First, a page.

Tuesday, September 29, 2009

In defence of modern-day spirituality

Somewhere deep down, I sometimes do feel the anxiety of approaching middle age. But the occasional self-portrait, though, seen through a vain lens of self-approval seems almost to disprove any progression in the passage of time.
Living in these times of deep dissatisfaction one can’t help but wonder about the act of judgment. You have first impressions come about as if a cloud opens on an otherwise severely overcast day. You step into the void of understanding and even concupiscence, and then accept things as they are. But there, at the back of the mind, there is a foreboding of a time to come when an event is but bound to occur. So, one can see an approaching stand-off, by experience, and still not fathom how it is to come about and secretly relish its non-occurrence.
Concurrently, if one is put in a certain position - that of determining the collective future experiences of a group of people - what inevitably follows, is introspection and a consciousness borne of a sense of responsibility i.e. if one is acting responsibly. But to determine the course of one’s own life… what is it but indecisiveness or a temptation to procrastinate or a growing dread at understanding whether you are consequential at all to the world at large. But if this reasoning applies to posturing in an audience then the matter is solved with little hesitancy. Are we scared of fulfilling a base expectancy of ourselves that came about sometime between adolescence and adulthood? This fear, if not disproved by other means, points to a sense of self that exists beyond the realm of the personal; an entity devoid of geographical and emotional boundary, something to look forward to and eventually beyond – a driving force, a haunting presence, a dissociated conductor. The corollary is certainly something to fear even more.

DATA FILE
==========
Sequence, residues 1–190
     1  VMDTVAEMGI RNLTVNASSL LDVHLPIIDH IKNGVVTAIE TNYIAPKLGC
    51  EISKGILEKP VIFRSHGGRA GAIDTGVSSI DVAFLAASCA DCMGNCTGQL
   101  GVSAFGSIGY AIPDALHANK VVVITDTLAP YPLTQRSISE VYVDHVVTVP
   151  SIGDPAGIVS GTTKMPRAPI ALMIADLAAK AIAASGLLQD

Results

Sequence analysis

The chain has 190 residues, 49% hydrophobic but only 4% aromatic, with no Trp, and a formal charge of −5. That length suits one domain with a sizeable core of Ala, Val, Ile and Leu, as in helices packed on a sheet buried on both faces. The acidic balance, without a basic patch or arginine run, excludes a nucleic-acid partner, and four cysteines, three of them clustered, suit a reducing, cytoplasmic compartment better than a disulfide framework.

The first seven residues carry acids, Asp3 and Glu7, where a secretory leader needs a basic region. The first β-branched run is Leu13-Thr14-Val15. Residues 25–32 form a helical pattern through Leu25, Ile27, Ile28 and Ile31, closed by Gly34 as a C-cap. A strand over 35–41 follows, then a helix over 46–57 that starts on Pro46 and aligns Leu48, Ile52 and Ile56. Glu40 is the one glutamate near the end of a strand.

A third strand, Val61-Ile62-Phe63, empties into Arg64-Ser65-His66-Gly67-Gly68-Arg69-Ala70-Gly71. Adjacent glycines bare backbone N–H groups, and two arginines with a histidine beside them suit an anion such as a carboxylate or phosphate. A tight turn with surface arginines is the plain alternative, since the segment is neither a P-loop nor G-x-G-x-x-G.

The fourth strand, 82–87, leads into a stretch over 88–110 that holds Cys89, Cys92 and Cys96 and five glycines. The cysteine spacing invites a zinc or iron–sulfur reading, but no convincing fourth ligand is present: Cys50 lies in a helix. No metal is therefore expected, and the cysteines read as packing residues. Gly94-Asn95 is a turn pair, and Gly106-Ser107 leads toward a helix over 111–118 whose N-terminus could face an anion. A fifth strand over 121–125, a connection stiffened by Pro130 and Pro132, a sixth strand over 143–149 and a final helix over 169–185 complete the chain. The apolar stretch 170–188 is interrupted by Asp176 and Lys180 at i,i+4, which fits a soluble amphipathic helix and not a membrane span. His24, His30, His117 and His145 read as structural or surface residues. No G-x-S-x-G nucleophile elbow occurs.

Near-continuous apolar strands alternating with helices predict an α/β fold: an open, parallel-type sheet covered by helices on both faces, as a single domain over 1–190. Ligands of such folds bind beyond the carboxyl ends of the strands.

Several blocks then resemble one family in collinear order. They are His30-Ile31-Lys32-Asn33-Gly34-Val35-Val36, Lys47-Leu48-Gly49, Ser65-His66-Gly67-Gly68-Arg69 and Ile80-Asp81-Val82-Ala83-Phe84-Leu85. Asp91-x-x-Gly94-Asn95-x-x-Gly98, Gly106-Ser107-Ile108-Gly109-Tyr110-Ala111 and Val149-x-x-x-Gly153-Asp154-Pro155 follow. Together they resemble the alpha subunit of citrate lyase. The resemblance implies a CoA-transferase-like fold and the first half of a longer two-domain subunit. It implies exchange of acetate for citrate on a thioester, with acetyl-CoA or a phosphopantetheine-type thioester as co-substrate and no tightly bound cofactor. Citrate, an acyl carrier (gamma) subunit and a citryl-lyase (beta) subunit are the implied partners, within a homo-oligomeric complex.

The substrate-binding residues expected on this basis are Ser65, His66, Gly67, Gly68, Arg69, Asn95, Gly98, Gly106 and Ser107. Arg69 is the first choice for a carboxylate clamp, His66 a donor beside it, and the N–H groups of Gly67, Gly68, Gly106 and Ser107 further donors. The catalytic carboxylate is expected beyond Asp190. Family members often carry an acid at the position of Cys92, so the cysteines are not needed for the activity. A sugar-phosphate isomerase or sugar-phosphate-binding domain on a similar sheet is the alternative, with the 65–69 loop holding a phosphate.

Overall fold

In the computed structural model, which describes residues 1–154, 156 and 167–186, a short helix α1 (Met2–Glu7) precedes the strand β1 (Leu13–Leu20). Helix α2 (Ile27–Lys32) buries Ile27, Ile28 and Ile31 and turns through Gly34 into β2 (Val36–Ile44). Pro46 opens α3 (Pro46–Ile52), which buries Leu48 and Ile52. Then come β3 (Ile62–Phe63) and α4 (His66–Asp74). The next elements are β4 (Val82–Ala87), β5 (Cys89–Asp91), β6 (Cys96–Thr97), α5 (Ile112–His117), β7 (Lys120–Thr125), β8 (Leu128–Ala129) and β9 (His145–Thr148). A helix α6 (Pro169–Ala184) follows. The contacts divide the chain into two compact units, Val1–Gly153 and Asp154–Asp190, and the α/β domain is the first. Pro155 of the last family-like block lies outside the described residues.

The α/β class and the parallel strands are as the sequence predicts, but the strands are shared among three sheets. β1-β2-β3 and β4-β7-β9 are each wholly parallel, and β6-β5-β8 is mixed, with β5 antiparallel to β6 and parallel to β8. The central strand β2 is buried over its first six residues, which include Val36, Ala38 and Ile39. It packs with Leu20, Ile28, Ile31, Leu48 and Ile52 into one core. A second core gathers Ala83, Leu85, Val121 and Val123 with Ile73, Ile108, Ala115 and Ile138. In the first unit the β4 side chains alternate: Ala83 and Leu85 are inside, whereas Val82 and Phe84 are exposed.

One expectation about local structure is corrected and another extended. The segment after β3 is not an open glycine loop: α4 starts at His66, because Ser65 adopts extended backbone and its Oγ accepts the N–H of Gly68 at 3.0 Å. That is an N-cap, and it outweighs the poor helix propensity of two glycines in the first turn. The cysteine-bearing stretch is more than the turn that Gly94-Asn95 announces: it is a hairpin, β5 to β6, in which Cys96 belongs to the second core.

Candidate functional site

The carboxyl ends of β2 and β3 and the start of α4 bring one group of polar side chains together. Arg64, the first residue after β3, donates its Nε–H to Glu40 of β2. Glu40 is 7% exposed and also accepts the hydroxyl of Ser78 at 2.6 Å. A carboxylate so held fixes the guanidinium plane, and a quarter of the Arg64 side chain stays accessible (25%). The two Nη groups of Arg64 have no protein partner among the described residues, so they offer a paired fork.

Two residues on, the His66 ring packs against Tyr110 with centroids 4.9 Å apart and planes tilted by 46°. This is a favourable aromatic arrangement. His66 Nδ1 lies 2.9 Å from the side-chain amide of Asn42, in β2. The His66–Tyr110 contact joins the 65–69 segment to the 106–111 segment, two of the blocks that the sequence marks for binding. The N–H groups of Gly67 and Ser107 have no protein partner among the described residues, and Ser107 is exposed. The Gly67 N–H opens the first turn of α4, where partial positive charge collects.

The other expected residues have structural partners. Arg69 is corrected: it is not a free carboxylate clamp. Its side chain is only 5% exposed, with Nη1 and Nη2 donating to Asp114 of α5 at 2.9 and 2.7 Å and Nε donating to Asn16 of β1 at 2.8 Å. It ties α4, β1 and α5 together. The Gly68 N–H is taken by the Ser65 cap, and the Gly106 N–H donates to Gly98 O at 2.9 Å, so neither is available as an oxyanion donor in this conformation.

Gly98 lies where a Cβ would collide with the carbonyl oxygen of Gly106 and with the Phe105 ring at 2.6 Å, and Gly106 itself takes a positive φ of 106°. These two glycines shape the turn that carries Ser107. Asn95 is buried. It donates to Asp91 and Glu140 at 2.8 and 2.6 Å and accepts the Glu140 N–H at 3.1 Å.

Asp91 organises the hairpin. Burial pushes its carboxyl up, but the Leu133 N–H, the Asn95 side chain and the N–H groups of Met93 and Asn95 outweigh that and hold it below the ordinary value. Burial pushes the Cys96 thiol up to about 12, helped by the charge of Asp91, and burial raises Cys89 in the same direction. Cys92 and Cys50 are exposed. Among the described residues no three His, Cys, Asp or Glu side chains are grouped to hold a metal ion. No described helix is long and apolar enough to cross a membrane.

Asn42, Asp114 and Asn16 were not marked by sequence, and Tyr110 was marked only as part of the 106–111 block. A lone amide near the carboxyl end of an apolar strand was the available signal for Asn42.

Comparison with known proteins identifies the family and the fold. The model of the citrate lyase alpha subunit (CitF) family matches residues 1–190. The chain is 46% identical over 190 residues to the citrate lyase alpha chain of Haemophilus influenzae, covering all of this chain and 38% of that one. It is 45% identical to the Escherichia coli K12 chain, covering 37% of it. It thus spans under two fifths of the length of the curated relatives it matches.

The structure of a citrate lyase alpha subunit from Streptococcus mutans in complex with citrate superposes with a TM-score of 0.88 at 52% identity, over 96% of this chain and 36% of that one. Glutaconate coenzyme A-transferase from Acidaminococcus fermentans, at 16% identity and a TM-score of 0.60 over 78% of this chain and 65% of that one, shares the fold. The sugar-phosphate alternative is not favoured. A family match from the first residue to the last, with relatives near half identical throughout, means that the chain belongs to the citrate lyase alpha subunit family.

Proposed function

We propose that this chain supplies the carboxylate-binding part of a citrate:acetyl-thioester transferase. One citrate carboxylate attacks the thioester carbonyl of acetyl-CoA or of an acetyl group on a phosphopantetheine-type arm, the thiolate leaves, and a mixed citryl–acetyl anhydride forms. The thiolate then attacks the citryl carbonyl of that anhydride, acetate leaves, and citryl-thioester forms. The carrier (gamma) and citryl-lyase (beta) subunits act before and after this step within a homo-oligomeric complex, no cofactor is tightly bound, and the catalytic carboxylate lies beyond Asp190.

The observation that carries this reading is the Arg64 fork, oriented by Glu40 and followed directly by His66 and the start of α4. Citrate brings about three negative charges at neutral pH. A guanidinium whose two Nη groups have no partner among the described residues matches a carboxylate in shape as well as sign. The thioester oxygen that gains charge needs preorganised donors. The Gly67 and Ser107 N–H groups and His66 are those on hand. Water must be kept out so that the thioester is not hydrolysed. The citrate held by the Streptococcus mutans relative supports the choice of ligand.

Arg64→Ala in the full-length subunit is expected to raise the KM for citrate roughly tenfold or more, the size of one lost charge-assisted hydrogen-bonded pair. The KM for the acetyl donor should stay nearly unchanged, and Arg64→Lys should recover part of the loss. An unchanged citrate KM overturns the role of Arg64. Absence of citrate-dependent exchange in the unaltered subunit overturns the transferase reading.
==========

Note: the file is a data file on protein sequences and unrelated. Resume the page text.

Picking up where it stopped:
What is that sense of longing, remembrance and regret all locked into the rush of a wave of sentiment? It happens so often and sometimes so rarely that it always succeeds in disturbing the gentle pace of life. We are led on to a climax, an upliftment, a vindication… and then mediocrity and routine crash in and everything turns banal. If it was a question of absolutely enjoying every second of every minute of a life would art even begin to make sense?
Why are we so rocked by the hint of a possibility, the gentlest of waves, the most passive breeze? Are we collectively looking, searching and feeling for something every hour of every day, through success and failure, conquest and defeat?

Monday, September 14, 2009

Through the stained glass, darkly...

In support of the oft-repeated phrase;
‘Too many wars have been waged in the name of religion.’

And in consideration of the statement;
“Religion is the sigh of the oppressed creature, the heart of a heartless world, and the soul of soulless conditions. It is the opium of the people.”

- In the introduction to ‘Contribution to Critique of Hegel's Philosophy of Right’ - Karl Marx, 1843.


If you visit the doctor for a certain ailment, the physician begins his/her examination by asking you a series of questions related to the discomfiture you are experiencing. There are a number of assumptions attached to the line of questioning, all aimed at deciding what the patient should actually be tested for, related to the ailment in question. This is because of the presumption that the patient has actually incurred an illness that is yet to be ascertained and which can only be determined upon further inquiry. If the symptoms point to a certain number of empirical factors commonly associated with a known medical condition and the subsequent tests confirm the suspicion, the appropriate medication and advice on the practical measures to be followed by the patient is meted out, and hospitalisation or a follow-up visit is scheduled. All this is due to the very nature of the medical profession; which is far from fool-proof wherein there are many subjective factors concomitant to the treatment of a certain illness based on the individual patient – as related to lifestyle choices, type of diet, genetic predispositions, geographical proximity to known sources of disease, etc.